PI Name: James J. James, MD, DrPH, MHA
Project Period: 9/30/09-09/29/12
Project Title: A Health Security Card for Disasters and Public Health Emergencies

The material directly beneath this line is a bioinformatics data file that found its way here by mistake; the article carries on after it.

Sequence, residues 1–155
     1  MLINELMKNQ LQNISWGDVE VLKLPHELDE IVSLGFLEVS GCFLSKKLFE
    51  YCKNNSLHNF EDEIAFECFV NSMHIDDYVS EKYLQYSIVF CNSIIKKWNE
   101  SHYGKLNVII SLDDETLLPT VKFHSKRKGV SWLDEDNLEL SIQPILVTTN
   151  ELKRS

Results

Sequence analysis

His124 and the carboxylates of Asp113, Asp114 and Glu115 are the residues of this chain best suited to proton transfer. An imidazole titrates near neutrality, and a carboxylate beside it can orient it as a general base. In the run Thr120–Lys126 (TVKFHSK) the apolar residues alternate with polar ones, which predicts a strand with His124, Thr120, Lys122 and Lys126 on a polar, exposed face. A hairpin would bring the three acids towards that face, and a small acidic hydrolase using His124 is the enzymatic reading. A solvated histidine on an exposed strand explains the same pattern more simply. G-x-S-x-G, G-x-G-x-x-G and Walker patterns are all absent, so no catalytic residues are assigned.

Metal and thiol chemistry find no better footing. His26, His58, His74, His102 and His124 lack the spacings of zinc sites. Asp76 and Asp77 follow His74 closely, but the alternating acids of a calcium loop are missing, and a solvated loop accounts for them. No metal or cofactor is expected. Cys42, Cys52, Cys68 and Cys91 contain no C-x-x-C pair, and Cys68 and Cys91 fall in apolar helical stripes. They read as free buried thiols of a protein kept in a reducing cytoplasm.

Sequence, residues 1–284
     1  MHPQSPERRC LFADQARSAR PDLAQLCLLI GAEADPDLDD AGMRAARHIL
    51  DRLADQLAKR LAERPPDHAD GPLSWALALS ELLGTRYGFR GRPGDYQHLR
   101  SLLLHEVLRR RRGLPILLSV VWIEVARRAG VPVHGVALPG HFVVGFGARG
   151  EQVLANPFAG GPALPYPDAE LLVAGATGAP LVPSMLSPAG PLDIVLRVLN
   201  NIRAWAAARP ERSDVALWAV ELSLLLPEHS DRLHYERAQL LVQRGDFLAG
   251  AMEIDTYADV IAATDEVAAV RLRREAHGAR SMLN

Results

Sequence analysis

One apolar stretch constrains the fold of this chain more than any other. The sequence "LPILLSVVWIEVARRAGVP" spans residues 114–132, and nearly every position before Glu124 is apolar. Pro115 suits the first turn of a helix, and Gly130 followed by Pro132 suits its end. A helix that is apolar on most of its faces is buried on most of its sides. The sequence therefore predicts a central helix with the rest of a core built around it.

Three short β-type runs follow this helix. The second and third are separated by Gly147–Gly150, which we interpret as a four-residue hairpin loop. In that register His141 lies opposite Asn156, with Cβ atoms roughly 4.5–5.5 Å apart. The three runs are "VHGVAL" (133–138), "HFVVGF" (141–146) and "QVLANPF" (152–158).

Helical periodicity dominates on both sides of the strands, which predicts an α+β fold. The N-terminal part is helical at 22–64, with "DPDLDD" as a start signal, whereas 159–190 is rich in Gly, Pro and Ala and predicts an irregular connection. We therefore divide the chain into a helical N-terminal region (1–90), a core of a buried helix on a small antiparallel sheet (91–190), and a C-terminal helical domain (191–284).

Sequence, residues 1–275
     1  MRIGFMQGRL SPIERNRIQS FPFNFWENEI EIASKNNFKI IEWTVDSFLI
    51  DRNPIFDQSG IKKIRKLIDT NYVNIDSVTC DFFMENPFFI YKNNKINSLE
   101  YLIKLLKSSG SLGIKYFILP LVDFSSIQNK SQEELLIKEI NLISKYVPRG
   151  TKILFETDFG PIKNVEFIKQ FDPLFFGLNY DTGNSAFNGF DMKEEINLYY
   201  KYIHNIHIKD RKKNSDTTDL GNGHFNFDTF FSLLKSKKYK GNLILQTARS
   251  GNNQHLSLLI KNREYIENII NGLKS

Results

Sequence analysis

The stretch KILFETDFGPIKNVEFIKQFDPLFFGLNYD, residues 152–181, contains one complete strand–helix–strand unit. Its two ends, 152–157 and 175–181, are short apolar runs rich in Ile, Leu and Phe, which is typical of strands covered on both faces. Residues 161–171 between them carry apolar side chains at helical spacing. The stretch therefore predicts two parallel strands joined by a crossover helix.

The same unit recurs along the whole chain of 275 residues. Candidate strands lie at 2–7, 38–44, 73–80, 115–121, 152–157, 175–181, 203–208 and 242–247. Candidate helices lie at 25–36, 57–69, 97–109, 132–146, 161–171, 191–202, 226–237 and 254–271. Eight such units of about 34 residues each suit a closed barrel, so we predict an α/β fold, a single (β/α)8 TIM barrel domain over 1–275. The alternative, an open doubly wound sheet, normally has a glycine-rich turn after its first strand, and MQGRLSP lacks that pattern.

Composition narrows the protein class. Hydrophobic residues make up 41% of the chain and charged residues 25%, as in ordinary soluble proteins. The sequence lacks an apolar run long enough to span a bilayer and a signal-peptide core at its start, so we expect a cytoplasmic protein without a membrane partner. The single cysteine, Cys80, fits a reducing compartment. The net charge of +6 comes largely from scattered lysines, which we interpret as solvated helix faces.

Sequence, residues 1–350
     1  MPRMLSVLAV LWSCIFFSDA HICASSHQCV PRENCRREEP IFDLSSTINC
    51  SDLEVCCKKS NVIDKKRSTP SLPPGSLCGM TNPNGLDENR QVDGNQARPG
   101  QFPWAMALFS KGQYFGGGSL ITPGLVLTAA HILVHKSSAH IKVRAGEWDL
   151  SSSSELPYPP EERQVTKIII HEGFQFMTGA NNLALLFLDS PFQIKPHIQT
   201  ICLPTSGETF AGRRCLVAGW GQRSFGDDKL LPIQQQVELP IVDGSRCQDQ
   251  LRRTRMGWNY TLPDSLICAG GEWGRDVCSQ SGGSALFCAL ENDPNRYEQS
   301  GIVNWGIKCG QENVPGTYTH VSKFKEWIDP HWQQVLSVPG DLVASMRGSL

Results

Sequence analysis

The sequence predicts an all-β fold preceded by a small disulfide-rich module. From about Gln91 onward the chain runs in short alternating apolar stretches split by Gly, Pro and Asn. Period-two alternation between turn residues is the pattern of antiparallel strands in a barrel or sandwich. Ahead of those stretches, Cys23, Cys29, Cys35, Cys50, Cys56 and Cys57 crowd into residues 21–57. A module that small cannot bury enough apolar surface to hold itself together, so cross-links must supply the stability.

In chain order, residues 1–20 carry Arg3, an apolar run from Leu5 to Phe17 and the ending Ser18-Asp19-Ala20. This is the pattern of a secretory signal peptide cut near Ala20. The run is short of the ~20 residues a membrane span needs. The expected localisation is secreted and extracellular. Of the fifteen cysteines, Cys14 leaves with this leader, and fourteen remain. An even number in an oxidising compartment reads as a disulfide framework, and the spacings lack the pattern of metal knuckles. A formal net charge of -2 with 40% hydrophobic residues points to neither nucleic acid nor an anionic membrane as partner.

The American Medical Association (AMA) seeks to promote the health, safety, and resilience of internally displaced populations in a disaster or public health emergency by establishing and promoting a standardized health security card, which contains essential data elements necessary for healthcare providers, and local, tribal, and state health departments to identify individuals, meet their immediate health needs, better access critical data, and better obtain surveillance and situational awareness, thereby minimizing morbidity and mortality in at- risk populations. An overarching participatory management methodology will be utilized to reach this goal. Specific aims include: 1) To utilize a multidisciplinary private-public stakeholder team to achieve consensus on the essential data elements necessary for a health security card for use in disasters and public health emergencies. 2) To establish consensus on the technological vehicle and platform for the card. 3) To refine and validate the vehicle and platform for the card through a series of focus groups targeting at-risk populations. 4) To disseminate the health security card to a nationally representative sample (n=1000), with an oversampling of at-risk populations, through selected training centers of the National Disaster Life SupportTM (NDLSTM) Program and in conjunction with local, tribal, and state public health departments, representing all FEMA regions. 5) To conduct a 6-week and 6-month follow-up evaluation and reliability test of the health security card and public health systems platform against the In Case of Emergency Prescription History Service (ICERx.org), a national medication record and pharmaceutical database. Analysis will include frequency of logins by the 6-week and 6-month time intervals, as well as completeness and accuracy of medication information compared with the ICERx medication database. A follow-up 6-month telephone survey will be conducted of all participants to determine subjective usability and portability of the health security card. The AMA is very capable of achieving success by virtue of its experience in building systems-level relationships and programs, and through its ability to leverage these networks to assist affected populations in a disaster or public health emergency. Building on past efforts, a primary goal of this project is to move the dissemination and utilization of an enhanced personal health information card from the clinician-patient model to a caregiver- population model to enable the deployment of the card across state-lines, especially for those most vulnerable and at greatest risk in a disaster or public health emergency. It is believed that the health security card can have a dual function by raising awareness and health literacy of at-risk populations thereby impacting and benefiting day-to-day clinical care, reducing overall healthcare costs, and improving individual and community resilience.